What is more important than a clear vision – you should ask yourself.
With this in mind, a person should follow such a capable leader, learn from him and understand its manners. For that reason, this book concerns everyone, because its influence extends beyond any country’s borders. It literally has no limits.
Facebook started with a simple need, an insight that Zuckerberg figured out quickly and built on it. The Harvard students wanted to have an online directory so that they can find out relevant information about each other. Zuckerberg just realized that an online directory with information uploaded by the users would solve this need. And he built The Facebook.
But before that, and even after, Zuckerberg had been working on several other social networks, such as Facemash or Wirehog.
He felt social networks were the future, but he didn’t know how far this could go. It was not only the favorable context of the Internet evolution and his age, but also his gut feeling and hard work.
I’ll contribute something and give it to someone, and then out of obligation or generosity that person will give something back to me. The whole culture works on this framework of mutual giving.
What most mattered to the success of Facebook was Zuckerberg’s vision along the way. He was never interested in making money, instead, he kept thinking about the most efficient way for people to stay in touch and share relevant information.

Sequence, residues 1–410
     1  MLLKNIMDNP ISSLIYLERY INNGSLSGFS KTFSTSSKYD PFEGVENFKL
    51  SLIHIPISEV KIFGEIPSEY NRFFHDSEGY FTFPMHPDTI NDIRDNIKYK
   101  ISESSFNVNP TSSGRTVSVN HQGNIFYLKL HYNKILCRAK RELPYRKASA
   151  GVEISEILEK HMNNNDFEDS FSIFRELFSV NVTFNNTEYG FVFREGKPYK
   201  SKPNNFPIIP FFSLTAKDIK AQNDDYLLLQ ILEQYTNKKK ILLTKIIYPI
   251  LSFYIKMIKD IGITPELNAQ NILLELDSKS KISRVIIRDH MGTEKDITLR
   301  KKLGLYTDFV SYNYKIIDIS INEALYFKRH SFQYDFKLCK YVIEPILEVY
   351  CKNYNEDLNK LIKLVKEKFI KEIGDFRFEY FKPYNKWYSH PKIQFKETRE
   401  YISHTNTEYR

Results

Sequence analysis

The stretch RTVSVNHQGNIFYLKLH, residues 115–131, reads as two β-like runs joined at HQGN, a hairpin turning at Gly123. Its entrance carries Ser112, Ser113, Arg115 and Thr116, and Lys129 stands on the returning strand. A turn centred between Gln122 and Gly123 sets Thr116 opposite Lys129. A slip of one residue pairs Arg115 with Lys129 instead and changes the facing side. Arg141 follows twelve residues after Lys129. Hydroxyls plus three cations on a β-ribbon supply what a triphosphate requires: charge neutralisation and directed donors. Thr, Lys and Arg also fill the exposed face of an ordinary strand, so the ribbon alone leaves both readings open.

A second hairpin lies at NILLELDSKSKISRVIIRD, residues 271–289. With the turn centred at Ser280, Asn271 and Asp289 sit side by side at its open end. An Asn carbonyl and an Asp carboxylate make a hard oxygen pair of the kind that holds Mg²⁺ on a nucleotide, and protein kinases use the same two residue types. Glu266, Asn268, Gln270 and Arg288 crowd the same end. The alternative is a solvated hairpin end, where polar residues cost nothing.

This was translated into a very important principle for Facebook – a genuine identity. This fact ensured that each person would upload real information on the profile page.
Having a real identity made it easy for friends to find you and you had no interest to upload fake information about yourself. This is what actually made Facebook so popular, the users’ confidence in the distribution of their data.
Having two identities for yourself is an example of a lack of integrity.
Zuckerberg’s vision of making people interact with each other and not with the website made Facebook simple and easy to use.
It simply expanded to other colleges and then high schools and eventually to anybody. It soon became international and within 5 years it became the most important social network.